Life as Amber knows it

"An adventure in the making…"

Monthly Archives: June 2013

Worth Fighting For

IMAG1170My son pitched what can only be described as a hellacioius tantrum this morning.

While he’s three and at the perfect age to pitch tantrums, this time, it wasn’t over wanting candy before dinner, a toy, a television show or any other want that would cause a tantrum in any healthy three-year-old.

This time? It was over wearing his sister’s shirt. The gray one with the blousey sleeves that proclaims quite merrily: “Cute! Cute! Cute!” in every color of the rainbow. The tantrum was kicked off by his big sister telling him it was her shirt, not his shirt. To be fair, Autumn has a point: it is her shirt. And even further into the whole realm of fairness is the fact that telling a three-year-old “no” is the quickest way to having your ear drums ruptured.

“Autumn,” I asked, “Can Benjamin just borrow your shirt for a bit? I promise he’ll give it back.” To which my darling four-year-old sighed and said, “I guess,” before she sat down, her bottom lip pooched out.

I’ve long written (and spoken) about that moment you get a glimpse of I am in your children’s lives. That moment in the early years when they say or do something that gives you a preview of who they’ll eventually turn out to be. Today, my eyes filled with tears and my heart swelled with pride at my son showing me who he will eventually be.

You see, Benjamin didn’t care that it was a girl’s shirt. Benjamin didn’t care that it was a shirt decorated with “girl” colors, that it was a shirt that was two sizes two big. Benjamin instead found something he loved and wanted for his own. And he fought for it, kicking and screaming, determined to have it in his life. He didn’t care what other people’s opinions are about the shirt. What he cared about was the fact that he found something that fit him, and him alone, and it meant enough that he went after it.

I helped my son put the shirt over his head, and the joy that beamed from that beautiful smile at his took my breath away.

I hope my son always feels that pure joy and passion at finding something he loves. I hope he always fights, as hard as he has to for those things and people in his life that he loves, that he never gives up. That he does whatever it takes to keep what means something, even if it only means something to him.


~Amber Jerome~Norrgard

Ask And Ye Shall Receive

Ask and ye shall receive…

Or, after today’s experiences, I’m going to go with: Be careful what you wish for!

After taking my four year old out for a mom and daughter day that included candy bar pancakes for Mini~Me at my favorite cafe, we ran a few errands. When we arrived home, I figured I’d take advantage of the fact I had someone keeping an eye on the kids to get caught up with the piles of laundry that are plaguing the house. Walking through our upstairs loft, I said offhandedly to my four-year-old, “Hey, do you mind putting the clothes in a basket for me?”  I could hear her huffing and puffing as I folded towels in my bedroom, but really didn’t think too much of it. When I next stepped out in the loft, the clothes were gone, along with the basket. When I asked said four-year-old what happened to the clothes, she said very sweetly: “I took them downstairs, Mommy!”  A bit surprised I asked, “Are they just laying around down there?”  “Oh no, I put them in the laundry room.”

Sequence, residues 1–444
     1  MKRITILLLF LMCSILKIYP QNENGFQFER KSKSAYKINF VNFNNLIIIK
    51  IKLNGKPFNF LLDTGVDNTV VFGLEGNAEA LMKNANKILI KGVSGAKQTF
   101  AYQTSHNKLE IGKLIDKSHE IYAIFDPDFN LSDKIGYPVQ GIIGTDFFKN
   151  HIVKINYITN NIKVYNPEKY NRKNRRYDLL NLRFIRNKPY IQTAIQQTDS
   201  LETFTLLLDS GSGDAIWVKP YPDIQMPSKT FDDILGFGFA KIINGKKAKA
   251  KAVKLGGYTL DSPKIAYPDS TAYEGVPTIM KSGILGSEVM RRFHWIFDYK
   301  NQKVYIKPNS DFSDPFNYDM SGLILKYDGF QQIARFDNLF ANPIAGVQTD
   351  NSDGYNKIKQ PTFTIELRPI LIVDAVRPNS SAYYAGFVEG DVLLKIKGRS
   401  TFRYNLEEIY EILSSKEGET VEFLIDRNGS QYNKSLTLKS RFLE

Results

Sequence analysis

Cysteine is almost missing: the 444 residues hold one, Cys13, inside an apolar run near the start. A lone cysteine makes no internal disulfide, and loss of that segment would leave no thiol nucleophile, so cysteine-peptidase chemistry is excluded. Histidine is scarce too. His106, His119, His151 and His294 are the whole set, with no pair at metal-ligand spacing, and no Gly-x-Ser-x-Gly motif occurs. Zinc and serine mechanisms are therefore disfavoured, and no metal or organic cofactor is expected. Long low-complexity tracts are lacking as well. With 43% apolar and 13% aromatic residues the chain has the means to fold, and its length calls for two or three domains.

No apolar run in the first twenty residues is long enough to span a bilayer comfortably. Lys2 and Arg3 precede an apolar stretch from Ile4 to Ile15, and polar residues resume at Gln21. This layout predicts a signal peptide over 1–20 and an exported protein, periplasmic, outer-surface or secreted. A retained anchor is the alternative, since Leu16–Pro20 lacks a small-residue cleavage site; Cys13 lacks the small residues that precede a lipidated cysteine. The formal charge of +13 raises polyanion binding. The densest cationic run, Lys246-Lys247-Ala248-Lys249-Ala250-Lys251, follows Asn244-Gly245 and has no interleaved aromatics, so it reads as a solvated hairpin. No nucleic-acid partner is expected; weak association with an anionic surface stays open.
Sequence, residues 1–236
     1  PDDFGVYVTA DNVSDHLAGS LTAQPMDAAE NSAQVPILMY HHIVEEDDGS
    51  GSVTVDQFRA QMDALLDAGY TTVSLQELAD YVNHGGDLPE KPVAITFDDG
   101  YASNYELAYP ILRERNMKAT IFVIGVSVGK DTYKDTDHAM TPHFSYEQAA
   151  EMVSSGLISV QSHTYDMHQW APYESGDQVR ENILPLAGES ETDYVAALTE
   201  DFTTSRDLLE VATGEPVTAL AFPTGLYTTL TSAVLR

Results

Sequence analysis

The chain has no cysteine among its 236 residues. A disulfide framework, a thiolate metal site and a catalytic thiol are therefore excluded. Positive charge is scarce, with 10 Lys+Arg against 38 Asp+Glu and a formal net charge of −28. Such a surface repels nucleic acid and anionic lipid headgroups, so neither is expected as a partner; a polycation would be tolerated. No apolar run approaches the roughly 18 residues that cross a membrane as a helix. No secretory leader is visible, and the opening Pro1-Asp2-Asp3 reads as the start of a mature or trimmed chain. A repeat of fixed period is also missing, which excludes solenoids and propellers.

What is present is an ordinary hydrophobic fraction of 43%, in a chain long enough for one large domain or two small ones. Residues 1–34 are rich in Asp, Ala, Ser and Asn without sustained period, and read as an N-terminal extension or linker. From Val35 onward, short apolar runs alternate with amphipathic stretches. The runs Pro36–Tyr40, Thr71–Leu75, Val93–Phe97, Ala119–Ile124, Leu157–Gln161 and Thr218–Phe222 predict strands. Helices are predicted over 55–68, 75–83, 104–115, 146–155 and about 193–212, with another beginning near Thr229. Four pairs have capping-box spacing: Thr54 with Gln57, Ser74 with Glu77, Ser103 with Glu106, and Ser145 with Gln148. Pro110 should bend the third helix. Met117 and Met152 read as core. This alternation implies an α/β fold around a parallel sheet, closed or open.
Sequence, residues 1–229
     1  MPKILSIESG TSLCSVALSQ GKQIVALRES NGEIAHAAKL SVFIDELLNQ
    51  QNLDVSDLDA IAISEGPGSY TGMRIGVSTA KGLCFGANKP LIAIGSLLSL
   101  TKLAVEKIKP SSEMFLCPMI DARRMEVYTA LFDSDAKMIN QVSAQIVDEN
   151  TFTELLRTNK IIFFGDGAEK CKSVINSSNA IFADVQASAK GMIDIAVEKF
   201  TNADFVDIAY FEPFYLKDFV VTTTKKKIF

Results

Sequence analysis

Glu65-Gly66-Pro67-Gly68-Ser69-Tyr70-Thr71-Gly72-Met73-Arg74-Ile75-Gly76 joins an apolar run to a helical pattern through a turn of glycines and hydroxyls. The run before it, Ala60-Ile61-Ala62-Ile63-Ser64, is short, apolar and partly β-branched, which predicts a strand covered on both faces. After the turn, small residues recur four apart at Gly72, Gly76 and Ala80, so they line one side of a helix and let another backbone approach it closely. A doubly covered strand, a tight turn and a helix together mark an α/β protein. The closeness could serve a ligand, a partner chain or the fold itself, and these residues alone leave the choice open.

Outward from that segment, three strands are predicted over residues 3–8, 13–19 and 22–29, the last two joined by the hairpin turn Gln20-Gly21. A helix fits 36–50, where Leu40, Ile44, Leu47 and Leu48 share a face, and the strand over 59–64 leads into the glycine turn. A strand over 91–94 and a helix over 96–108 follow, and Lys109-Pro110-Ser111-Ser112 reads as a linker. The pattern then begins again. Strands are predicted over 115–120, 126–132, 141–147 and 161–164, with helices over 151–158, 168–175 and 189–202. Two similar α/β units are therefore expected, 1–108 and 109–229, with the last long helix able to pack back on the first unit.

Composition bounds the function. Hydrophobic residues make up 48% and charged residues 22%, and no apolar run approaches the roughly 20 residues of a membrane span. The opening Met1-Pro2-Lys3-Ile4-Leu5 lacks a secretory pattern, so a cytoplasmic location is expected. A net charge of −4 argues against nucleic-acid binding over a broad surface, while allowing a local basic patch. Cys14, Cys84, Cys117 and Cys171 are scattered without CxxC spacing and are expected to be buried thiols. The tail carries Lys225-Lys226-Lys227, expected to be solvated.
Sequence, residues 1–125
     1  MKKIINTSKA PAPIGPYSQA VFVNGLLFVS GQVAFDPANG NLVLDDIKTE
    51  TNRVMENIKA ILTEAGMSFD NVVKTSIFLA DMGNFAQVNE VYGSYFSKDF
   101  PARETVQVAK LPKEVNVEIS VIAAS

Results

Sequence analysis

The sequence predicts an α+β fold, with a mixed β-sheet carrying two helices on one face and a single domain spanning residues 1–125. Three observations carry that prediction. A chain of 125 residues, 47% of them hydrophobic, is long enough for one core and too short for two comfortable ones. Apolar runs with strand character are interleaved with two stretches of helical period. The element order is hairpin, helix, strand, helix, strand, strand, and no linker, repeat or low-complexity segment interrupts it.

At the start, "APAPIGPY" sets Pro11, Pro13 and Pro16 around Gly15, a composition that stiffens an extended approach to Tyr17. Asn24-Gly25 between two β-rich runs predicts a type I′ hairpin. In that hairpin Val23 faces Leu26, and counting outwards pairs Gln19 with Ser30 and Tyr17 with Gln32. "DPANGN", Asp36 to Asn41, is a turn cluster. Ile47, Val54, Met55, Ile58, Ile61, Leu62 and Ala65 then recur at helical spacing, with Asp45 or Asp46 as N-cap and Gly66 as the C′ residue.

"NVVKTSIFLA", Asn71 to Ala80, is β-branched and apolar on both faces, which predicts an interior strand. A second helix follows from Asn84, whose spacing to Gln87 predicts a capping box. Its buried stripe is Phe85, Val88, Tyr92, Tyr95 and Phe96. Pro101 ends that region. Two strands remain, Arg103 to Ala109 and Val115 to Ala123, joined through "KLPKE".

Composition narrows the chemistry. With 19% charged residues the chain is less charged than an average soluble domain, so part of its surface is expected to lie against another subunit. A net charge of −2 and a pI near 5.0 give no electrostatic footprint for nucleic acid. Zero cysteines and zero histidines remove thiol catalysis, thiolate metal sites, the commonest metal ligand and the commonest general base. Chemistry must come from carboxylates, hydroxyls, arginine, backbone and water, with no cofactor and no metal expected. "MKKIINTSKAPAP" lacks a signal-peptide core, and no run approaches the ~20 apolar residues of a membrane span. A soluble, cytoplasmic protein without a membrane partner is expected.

Yeah, she most definitely did put the clothes in the laundry room. And by “clothes”, I mean, every single clothing item that belongs to her, her older sister, and her younger brother, clean or dirty, made their way into a huge pile in our laundry room. While I stared, totally amazed and totally daunted by the idea that I now had at least four times the laundry to wash as I had before, my very spitting image looked up at me with the eyes I passed onto her and said, “Did I do a good job?”

While I struggled to not burst out laughing, I gave her a hug and said, “You did the very best job you could have done, lovie.”

Moral of the story? Be careful what you wish for, because you just might get it.

Parental lesson of the day? Our children pay very close attention to us.

Life lesson of the day? Very carefully word what you want!

~Amber Jerome~Norrgard

Shelving a Work~In~Progress

“You need to know your limits and not go past that point,” is the advice my therapist has been giving me for over four years now.

Sadly, it’s rare I listen to one of the best pieces of advice I’ve ever been given.

You see, I’ve been working on the same book for the past thirteen years. And it’s a highly personal book. The first and second drafts were the biggest struggle I faced in 2012, and I breathed a huge sigh of relief when I sent it off to my editor. When it was returned several weeks later, I put off again and again even looking at the track notes. When I finally did look at the track notes, I sighed, hit save, and ignored the file for several more weeks. Well, that’s not exactly true: I’d try and start working on it, but just couldn’t bring myself to write my story any longer. My heart would start racing and my chest would tighten up.